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Discussion Starter · #1 ·
Happy New Year!

Quick question. So like many others I disconnected the battery sensor (see picture circled red) to disable the start/stop function because its both annoying and I don't believe in the logic that restarting your little 1.0 for the sake of the environment is worth the extra strain on the engine.
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BUT I've just seen somewhere online that these sensors do more than simply telling the car when to engage start/stop? So I'm asking those with more knowledge (and maybe an inclination/means to go and measure) whether I'm actually being an idiot and should actually reconnect it to make sure my alternator is sending power to the battery etc?

Thanks :)

P.S. I don't have a voltmeter so cant go and test it myself.
 

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Your alternator will stop and start according to measured voltage. This seems better than having it spinning all the time, electrical load or not, as it wears and saps power. If you disconnect the voltage reader, the alternator will still charge the battery like in older cars, if that's the worry. You'd know in a few miles if it wasn't charging!
 
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If you really hate S-S, which seems odd to me, and don't want to press the cancel button every time you start a journey, I expect there is a way to disable it via OBD codes... Also, restarting the engine puts no real strain on it at all... You may argue it wears out the starter faster, but they are pretty robust and rarely go wrong.
 

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Discussion Starter · #4 ·
Your alternator will stop and start according to measured voltage. This seems better than having it spinning all the time, electrical load or not, as it wears and saps power. If you disconnect the voltage reader, the alternator will still charge the battery like in older cars, if that's the worry. You'd know in a few miles if it wasn't charging!
Thanks for the reply,

Yeah it's been fine so far, but just checking I'm not missing something?
So with the sensor disconnected, will the alternator be spinning the whole time or is there another voltage sensor somewhere? Am I actually unwittingly putting more strain on the engine 🤔?

Thanks again,

Tom
 

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Discussion Starter · #5 ·
Thanks for the reply,

Yeah it's been fine so far, but just checking I'm not missing something?
So with the sensor disconnected, will the alternator be spinning the whole time or is there another voltage sensor somewhere? Am I actually unwittingly putting more strain on the engine 🤔?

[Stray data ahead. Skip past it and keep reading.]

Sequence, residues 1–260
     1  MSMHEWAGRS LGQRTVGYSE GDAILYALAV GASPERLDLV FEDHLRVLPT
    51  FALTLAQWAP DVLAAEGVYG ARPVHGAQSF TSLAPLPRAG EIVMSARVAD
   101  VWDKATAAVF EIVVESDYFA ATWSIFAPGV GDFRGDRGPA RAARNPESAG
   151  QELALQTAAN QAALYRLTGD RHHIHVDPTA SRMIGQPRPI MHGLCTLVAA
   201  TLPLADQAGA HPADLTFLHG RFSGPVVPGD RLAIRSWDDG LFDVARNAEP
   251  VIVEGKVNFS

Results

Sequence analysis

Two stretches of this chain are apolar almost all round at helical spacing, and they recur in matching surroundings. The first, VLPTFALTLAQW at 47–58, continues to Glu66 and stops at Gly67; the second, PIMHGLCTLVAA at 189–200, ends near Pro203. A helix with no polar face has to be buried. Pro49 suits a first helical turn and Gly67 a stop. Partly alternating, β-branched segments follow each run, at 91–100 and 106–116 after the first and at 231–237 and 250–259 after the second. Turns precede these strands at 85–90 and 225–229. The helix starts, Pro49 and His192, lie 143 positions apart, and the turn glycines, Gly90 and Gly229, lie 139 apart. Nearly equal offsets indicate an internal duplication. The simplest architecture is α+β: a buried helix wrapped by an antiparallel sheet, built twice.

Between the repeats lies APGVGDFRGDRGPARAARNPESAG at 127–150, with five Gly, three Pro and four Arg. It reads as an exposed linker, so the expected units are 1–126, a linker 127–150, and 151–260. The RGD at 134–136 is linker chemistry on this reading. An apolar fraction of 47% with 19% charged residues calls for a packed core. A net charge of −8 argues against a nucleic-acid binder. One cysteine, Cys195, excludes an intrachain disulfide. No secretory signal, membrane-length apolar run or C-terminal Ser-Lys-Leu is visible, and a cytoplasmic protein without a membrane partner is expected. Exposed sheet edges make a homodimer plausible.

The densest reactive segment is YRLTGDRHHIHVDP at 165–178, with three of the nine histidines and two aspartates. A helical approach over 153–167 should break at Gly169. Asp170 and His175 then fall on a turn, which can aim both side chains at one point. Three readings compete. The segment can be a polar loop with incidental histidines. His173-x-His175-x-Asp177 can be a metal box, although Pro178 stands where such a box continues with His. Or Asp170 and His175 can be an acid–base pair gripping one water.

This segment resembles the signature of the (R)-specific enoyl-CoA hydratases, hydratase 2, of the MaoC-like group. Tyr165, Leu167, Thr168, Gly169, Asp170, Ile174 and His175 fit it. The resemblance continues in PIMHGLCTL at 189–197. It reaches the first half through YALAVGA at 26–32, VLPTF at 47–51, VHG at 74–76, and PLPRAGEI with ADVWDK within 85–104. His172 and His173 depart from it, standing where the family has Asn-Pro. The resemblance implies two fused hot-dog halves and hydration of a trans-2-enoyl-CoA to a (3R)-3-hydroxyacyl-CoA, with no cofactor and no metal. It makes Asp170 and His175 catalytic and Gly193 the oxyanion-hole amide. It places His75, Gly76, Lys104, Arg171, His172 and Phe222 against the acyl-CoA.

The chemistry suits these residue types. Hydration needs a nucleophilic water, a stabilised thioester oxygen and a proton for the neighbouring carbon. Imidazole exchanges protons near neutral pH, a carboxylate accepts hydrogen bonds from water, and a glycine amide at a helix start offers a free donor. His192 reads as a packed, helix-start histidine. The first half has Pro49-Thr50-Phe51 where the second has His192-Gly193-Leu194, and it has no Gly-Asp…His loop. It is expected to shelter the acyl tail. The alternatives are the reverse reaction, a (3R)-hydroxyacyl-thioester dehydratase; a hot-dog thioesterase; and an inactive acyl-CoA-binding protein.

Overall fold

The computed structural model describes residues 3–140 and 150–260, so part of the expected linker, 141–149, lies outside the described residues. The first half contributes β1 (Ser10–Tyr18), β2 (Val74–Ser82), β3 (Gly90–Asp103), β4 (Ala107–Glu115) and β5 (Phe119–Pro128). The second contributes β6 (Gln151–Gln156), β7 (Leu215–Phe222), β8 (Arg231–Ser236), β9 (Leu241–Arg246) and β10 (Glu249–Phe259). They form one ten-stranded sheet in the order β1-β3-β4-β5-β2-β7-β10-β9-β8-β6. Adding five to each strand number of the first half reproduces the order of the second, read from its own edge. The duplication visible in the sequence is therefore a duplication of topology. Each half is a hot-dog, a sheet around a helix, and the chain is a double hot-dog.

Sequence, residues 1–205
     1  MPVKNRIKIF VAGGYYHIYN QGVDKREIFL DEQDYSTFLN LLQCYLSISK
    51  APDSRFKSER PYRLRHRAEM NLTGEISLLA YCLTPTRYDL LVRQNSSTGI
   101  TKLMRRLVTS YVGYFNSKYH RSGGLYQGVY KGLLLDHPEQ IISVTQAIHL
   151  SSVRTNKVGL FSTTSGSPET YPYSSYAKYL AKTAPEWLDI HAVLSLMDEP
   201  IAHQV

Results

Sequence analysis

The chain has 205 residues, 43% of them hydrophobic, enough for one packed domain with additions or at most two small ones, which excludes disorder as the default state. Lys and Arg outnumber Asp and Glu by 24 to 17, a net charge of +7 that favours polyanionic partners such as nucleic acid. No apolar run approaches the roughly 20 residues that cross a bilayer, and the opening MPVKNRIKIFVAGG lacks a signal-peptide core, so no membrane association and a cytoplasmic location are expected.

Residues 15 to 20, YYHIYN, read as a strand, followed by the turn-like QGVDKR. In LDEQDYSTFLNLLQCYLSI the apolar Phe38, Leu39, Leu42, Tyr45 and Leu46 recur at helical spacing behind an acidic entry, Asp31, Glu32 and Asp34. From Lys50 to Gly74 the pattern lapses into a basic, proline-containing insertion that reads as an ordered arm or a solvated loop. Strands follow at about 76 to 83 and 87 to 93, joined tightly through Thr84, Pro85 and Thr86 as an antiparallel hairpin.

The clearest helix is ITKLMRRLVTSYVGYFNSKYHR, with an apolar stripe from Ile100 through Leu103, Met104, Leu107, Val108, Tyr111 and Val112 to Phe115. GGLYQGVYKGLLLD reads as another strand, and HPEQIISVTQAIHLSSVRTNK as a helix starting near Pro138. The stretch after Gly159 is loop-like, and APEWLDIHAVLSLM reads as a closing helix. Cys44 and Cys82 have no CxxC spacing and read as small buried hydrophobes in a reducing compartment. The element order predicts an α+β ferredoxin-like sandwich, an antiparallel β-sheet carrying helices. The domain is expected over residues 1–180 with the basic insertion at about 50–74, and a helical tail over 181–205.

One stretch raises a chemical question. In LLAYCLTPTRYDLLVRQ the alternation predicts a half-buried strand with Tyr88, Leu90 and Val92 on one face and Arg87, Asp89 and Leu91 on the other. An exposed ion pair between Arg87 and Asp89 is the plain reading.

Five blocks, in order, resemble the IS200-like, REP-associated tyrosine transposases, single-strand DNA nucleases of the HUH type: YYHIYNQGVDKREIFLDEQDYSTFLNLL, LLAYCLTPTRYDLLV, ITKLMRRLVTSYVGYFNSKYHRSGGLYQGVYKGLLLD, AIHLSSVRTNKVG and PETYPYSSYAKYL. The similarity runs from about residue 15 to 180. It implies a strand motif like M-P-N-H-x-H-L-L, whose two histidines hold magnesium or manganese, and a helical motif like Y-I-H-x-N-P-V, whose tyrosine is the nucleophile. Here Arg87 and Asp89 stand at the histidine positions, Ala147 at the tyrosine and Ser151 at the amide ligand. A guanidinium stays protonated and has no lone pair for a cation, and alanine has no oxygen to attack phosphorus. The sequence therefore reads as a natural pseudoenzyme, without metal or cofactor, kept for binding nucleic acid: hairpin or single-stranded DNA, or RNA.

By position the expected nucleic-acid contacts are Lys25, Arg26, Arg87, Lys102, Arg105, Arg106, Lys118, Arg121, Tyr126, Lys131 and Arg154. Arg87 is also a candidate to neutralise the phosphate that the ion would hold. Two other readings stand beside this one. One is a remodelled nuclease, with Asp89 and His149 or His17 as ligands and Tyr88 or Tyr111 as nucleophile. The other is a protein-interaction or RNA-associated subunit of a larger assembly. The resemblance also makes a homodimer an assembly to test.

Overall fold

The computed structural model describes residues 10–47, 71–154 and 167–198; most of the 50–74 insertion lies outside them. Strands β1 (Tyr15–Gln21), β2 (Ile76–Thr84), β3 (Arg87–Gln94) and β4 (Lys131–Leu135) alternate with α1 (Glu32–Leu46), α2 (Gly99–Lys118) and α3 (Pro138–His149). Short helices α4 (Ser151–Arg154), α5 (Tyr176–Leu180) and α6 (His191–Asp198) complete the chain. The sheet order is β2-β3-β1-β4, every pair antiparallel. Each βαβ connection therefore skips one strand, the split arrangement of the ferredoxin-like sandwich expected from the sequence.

Thanks again,

Tom

I can answer my own question - There's an alternator "voltage regulator". Well there ya go, every day's a school day.

Thanks again.

T
 

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Yeah, but it's not a sensor - the voltage regulator is to prevent the voltage off the alternator getting to too high. There are a bunch of diodes to convert AC off the alternator to DC plus a chip to stabilize the DC voltage to get the right charging voltage - in principle, a bit like a mains-to-USB charger that you use on your phone.
 
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The battery voltage sensor (BVS) is only there for the stop/start function. The alternator regulator is completely separate. You can change the voltage limit in VCDS which will effectively turn stop/start off but it's much easier to just unplug the BVS.
 

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A smart alternator must have a means of knowing the battery voltage in order to know whether to provide electrical power or not to top up the battery or run extra electrical gear*. The battery is normally kept a little below max capacity so that the alternator can be usefully turned on when slowing down (on the overrun) or when braking. If the battery goes below a certain voltage, the alternator is turned on anyway, even if you don't slow down. All this needs the BVS to be operational, but if the BVS is removed, nothing bad happens apart from wasted efficiency.

Contrary to what I said above,I think the alternator used on Up!s spins all the time, while some vehicles actually decouple drive in the same way the A/C compressor does, to reduce rotational/frictional losses.

*you can hear it operation - drive a while in daylight, no headlights or heated screen on, then turn the fan onto max. Then let go of the throttle - you will likely hear the fan speed up. This is because the alternator, having read the battery voltage, decides to top it up a bit, so the voltage rises slightly and the fan spins a bit faster.

Smart alternators are a great idea, unless you are towing a caravan which needs fridges to run, and leisure batteries to charge. The voltage splitters won't work, so you have a use a DC-DC system to not get a warm fridge and flat leisure batteries after a long drive! I found out the hard way on a run to Marbella.
 
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Only ups with start/stop has BVS so i believe it is there to monitor battery voltage only for the start/stop system to enable it to disengage it when voltage is low one of the reasons the why disconnecting it will stop the system as it does not know the voltage of the battery and assumes it is low.
 
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